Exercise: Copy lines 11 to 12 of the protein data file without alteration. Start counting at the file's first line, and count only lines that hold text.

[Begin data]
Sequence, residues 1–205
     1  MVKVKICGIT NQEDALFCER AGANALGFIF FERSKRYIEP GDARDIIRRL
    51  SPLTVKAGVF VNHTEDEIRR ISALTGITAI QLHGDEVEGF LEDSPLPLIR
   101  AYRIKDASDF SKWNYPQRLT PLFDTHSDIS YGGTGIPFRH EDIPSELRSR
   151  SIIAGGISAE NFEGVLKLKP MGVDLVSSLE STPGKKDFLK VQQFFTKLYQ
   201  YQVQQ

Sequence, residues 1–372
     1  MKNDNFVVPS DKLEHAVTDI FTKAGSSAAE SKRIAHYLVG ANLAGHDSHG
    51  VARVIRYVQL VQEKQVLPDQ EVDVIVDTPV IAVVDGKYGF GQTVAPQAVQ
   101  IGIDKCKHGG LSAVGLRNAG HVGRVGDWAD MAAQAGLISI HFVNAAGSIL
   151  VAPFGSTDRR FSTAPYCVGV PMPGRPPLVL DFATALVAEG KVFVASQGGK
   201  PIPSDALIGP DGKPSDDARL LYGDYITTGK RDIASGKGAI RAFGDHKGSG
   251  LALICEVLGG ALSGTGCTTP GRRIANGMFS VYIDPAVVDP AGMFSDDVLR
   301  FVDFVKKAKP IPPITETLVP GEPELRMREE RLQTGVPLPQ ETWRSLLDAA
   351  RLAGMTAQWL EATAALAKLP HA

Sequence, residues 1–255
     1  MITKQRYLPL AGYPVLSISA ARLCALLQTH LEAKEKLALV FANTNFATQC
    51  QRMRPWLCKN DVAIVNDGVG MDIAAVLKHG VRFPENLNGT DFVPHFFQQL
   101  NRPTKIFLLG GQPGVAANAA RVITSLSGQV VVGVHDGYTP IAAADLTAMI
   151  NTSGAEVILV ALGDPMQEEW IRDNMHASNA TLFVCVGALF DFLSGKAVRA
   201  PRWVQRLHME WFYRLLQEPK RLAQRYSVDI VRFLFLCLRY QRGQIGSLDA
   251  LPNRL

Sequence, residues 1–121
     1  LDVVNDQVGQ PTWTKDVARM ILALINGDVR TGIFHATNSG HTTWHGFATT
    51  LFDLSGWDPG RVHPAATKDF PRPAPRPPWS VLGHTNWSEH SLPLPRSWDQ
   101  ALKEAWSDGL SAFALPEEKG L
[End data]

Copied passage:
   151  VAPFGSTDRR FSTAPYCVGV PMPGRPPLVL DFATALVAEG KVFVASQGGK
   201  PIPSDALIGP DGKPSDDARL LYGDYITTGK RDIASGKGAI RAFGDHKGSG